After posting its worst weekly performance in over a year last week, the S&P 500 rebounded this week to score its best performance since October 2023. The rise was primarily driven by a surge in technology stocks and other growth sectors, anchored by favorably received quarterly reports from Microsoft and Alphabet. For the week, the S&P 500 gained 2.7%, the Nasdaq Composite climbed 4.2%, and the Dow rose 0.7%.

While the bears took cover after the dismal performance of the stock market last week, the bulls looked to robust earnings from corporate America to pull the S&P 500 Index out of its latest morass, despite rising concerns about a significant jump in bond yields.

Which brings us to the discussion of equities vs bonds. With treasury yields close to 5%, many are staying away from equities saying that the equity risk premium (ERP) is simply not worth it. The reasoning is – why take a risk on the stock market that is returning 7% ytd when you can get risk free 5% from treasuries.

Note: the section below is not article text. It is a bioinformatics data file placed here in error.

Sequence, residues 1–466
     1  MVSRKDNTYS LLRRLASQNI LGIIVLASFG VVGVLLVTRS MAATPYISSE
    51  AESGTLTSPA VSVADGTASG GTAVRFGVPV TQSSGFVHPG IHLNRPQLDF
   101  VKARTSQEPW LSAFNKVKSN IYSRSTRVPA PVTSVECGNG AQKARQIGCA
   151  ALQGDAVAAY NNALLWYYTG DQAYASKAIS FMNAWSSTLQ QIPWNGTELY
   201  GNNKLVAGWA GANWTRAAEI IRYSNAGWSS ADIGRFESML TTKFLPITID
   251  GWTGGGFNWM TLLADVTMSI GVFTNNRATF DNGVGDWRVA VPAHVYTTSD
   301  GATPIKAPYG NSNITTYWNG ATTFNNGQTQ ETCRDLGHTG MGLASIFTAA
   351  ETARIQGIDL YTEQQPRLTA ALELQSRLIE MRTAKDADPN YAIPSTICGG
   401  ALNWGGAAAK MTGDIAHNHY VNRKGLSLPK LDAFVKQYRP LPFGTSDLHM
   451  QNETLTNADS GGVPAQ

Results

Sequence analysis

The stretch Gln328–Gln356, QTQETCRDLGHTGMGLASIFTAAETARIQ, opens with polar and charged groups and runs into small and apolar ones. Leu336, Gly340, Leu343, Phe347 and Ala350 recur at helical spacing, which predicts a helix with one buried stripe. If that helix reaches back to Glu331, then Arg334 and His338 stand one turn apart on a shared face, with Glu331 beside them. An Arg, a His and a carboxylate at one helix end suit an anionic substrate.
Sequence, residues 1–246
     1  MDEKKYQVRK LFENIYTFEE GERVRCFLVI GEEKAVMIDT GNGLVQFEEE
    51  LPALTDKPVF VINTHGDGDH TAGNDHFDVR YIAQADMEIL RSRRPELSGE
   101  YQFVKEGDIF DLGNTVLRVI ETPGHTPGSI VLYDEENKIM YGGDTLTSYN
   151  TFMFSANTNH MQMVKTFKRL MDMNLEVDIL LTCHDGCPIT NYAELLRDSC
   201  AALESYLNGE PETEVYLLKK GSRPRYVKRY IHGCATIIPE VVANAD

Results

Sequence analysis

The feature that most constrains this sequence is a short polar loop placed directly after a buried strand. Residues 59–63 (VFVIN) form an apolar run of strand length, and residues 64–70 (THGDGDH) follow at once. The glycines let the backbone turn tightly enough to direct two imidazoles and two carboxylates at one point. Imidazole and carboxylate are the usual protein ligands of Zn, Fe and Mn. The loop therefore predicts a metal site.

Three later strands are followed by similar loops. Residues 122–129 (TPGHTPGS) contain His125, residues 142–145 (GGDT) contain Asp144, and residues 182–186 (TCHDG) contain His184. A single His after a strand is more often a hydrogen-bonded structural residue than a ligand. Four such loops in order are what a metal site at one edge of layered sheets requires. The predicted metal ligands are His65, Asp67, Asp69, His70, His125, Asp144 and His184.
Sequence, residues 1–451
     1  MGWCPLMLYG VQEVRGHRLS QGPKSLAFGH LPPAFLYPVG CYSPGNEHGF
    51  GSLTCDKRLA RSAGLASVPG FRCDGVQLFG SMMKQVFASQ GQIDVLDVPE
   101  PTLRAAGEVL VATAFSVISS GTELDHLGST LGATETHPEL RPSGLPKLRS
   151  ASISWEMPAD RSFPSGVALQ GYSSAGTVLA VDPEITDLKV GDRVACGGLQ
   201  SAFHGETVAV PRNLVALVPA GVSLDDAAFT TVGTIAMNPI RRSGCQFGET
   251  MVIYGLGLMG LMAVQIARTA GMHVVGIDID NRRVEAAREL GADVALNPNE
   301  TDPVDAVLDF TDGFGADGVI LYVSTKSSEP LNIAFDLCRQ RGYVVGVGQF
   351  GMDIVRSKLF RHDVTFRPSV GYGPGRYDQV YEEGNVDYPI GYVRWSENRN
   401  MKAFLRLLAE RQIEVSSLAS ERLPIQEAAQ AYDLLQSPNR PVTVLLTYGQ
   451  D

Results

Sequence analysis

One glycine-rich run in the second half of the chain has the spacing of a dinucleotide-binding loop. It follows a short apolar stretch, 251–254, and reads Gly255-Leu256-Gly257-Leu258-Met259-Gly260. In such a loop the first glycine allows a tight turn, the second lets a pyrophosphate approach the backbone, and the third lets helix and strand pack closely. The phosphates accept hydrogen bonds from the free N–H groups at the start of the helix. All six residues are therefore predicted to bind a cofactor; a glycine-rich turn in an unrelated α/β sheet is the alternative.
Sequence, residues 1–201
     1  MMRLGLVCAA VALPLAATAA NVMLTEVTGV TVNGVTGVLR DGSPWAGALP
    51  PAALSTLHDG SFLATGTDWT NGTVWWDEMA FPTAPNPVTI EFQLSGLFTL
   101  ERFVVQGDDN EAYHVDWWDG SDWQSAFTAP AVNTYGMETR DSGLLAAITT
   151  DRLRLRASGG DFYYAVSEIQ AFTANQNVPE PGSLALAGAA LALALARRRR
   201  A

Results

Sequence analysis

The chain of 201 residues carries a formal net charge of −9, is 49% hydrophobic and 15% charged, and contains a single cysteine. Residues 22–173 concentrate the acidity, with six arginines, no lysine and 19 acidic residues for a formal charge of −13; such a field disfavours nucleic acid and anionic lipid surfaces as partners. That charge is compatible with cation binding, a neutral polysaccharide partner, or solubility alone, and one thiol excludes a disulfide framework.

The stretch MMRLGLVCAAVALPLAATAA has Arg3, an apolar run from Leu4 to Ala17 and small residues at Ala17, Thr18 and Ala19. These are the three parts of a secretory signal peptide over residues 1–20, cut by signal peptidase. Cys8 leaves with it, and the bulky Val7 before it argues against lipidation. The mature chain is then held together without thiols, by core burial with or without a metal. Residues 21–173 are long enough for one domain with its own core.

Future Wealth’s View

The rationale seems logical until you look at the facts – In 2023, investors poured in $54 billion into long term US government bonds and $23 billion into 20 year treasury bonds only to find that long term treasury bonds have lost 9% year to date. The unfortunate truth about US treasury bonds is they are not really “risk free”. If you can accurately predict when interest rates will fall and you turn out to be right – you have a home run with treasury bonds. Else, when interest rate cuts get pushed out as the situation we are currently in, the bond values tumble leaving investors facing losses. Of course, if one holds the 20 year treasury bond to maturity, they will get the full face value of the bond plus the 5% return. But, name one investor, other than Warren Buffett, who is willing to be patient enough to hold an investment for 20 years?

In the end, predicting timing of interest rate cuts is no more a fool’s errand than trying to time the stock market. The fact is – bonds are no less risky than equities in an unstable interest rate environment.